Minnesota's new online voter registration system challenged

The state’s legislative auditor shares lawmakers’ concerns about the secretary of state’s unilateral launch of a voter registration site.

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Minnesota Secretary of State Mark Ritchie

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Minnesota Secretary of State Mark Ritchie launched an online voter registration system last month with little fanfare, but now the state’s legislative auditor is underscoring lawmakers’ questions about whether he had any authority to do so.

Ritchie created the system without explicit permission from the Legislature. A nonpartisan analysis, which Legislative Auditor James Nobles highlighted on Thursday, said the secretary of state could have followed the lead of top election officials in other states and asked for lawmakers’ approval before creating the online system.

“We wouldn’t have the controversy if he had,” Nobles said.

The wrangling over the online registration system is the latest clash between the DFL secretary of state and the GOP. Last year, Republican lawmakers questioned whether Ritchie used his office to campaign against the amendment to require a photo ID for voting. In another incident, the Minnesota Supreme Court decided Ritchie overstepped his bounds when he tried to write new titles for constitutional amendments.

Ritchie has said his office drew the authority to create the online registration system from a 2000 law that requires state acceptance of electronic signatures as the equivalent of scribbles on paper.

“I wasn’t in office, I wasn’t around. But that’s what the Legislature decided,” Ritchie said this week.

The new online system follows the same registration requirements as have long been used with paper registration; it just makes the forms available online, his office said.

Further, Ritchie said, “prior to my becoming secretary of state we began moving voter registrations around electronically, so this has been going on for quite awhile.”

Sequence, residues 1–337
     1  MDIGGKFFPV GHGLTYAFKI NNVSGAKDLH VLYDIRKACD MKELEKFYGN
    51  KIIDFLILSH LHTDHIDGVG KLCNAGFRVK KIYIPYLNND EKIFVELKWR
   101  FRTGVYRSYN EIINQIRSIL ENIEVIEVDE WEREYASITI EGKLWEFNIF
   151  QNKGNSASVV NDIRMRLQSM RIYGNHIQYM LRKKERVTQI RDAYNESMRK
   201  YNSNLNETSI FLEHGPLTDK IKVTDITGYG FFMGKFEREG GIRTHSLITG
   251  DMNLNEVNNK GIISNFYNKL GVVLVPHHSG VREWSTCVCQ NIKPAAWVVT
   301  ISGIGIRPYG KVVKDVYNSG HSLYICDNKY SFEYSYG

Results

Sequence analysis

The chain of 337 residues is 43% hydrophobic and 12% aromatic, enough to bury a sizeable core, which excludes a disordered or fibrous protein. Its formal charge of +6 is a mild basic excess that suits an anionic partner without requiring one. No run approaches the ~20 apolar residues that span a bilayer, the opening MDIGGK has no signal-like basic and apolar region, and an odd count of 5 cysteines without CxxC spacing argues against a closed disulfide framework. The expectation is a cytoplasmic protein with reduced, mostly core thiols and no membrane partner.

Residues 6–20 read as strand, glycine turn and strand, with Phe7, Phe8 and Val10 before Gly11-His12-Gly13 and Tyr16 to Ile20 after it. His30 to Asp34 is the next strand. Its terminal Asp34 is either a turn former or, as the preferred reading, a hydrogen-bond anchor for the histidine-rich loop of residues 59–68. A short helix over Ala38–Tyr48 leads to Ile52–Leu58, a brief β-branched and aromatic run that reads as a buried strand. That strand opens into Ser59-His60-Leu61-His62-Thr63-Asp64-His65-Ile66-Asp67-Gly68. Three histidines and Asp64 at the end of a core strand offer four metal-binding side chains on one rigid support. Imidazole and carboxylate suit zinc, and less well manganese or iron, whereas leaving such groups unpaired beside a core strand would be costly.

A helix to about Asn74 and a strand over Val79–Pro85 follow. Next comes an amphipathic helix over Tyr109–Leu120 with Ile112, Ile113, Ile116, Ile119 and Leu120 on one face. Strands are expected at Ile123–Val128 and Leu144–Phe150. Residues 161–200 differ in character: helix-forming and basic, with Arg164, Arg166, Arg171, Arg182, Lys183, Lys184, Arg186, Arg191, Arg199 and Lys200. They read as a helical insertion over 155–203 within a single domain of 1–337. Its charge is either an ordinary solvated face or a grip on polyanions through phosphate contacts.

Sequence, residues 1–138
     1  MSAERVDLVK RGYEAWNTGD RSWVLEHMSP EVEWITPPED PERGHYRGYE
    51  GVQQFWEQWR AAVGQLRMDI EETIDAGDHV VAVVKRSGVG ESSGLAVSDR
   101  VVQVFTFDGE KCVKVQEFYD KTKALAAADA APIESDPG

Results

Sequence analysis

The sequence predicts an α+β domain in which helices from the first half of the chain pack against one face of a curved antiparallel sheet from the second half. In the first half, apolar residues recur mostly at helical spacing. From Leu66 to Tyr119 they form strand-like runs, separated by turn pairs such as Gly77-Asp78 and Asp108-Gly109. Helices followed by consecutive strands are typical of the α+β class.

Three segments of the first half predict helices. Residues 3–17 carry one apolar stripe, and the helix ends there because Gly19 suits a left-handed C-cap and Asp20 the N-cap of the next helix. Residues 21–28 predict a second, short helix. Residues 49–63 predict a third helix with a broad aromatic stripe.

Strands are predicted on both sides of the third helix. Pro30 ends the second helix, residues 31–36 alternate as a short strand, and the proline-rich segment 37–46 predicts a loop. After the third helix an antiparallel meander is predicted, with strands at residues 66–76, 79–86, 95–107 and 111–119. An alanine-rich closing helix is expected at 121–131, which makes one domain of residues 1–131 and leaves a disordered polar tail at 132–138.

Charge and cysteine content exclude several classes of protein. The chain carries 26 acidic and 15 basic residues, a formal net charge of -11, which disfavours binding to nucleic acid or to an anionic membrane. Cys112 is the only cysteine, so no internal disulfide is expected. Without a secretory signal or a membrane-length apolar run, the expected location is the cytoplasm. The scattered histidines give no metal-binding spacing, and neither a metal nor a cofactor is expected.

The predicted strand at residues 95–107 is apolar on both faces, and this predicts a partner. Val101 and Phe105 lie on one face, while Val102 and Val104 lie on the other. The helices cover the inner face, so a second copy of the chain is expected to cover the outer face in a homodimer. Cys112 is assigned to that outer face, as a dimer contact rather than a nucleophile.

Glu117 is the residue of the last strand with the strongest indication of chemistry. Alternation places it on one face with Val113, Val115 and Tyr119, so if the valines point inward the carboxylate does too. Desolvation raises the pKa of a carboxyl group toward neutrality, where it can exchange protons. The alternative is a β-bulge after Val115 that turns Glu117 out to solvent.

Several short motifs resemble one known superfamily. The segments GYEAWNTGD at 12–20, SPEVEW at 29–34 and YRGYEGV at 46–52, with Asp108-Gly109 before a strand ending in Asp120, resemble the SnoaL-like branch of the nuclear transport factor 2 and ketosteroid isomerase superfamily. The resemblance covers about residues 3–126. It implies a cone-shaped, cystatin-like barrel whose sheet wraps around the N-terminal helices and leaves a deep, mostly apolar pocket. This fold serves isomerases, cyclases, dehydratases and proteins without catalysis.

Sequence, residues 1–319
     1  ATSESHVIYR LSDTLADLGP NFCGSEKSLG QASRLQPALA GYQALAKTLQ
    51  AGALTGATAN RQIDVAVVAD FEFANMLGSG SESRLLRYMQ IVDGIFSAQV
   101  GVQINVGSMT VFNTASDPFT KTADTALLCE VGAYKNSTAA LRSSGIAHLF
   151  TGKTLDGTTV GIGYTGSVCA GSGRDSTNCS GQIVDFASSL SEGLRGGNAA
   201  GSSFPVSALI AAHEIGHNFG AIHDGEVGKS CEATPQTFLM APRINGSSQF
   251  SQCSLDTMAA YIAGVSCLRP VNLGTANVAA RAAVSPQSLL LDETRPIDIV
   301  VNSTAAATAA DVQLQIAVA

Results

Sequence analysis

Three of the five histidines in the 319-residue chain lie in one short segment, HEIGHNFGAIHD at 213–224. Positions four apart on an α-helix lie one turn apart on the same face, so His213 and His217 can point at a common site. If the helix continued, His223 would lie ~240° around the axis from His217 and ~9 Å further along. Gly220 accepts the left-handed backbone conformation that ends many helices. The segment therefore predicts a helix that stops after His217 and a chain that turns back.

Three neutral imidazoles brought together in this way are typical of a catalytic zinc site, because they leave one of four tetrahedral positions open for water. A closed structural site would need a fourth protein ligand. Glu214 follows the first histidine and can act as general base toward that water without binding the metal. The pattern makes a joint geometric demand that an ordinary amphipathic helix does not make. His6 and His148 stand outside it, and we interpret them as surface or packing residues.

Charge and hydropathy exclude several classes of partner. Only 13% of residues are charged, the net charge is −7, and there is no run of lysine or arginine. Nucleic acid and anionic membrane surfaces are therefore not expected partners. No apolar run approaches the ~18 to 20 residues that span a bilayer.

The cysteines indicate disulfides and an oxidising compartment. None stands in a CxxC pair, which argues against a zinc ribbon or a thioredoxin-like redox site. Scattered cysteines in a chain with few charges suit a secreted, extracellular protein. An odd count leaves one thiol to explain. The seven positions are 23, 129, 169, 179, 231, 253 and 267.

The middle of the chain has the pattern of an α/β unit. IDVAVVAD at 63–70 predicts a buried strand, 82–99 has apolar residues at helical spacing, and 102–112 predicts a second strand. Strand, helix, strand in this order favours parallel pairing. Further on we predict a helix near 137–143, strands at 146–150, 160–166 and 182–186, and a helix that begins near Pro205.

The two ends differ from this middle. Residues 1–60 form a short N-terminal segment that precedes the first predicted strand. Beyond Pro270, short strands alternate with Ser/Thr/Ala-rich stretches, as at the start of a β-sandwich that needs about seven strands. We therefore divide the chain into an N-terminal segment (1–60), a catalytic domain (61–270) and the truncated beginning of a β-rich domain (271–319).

But his defense has not squelched critics.

“It is at best unclear and at worst he doesn’t have the authority,” House Minority Leader Kurt Daudt, R-Crown, said Thursday.

Both Daudt and Nobles said that even if Ritchie has the authority to create the system, he would have been well served by getting a full legislative vetting of the plans.

Republican lawmakers also are questioning the new system’s security measures. Daudt, Senate Minority Leader David Hann, R-Eden Prairie, and the Republican leads on election issues, Sen. Scott Newman of Hutchinson and Rep. Tim Sanders of Blaine, said in a recent letter that given the recent data leaks in state government, “it is more important than ever to make sure our private information is protected.”

Nobles said he shares those concerns.

His office has already completed an audit of the state’s driver’s license data that found data is commonly accessed by law enforcement officials who have no legal reason to be digging into the information. The office also plans to examine MNsure, the new health care insurance exchange, to check whether Minnesotans’ confidential health information is properly protected.

Now, the online registration system will be added to the list.

“Given the high visibility and controversy around this one, I’ll try to get over there next year,” Nobles said.

Ritchie said the new registration system is working well.

“This tool is saving costs, minimizing inaccurate records and reflects the integrity of the state’s strong voting system,” Ritchie said in a statement.

The office said that since it was launched at MnVotes.org two weeks ago, nearly 900 people have used it. Nearly 500 of those used it to update their existing registrations. So far, 110 new voters have registered through the website.

 

Rachel E. Stassen-Berger Twitter: @RachelSB

 

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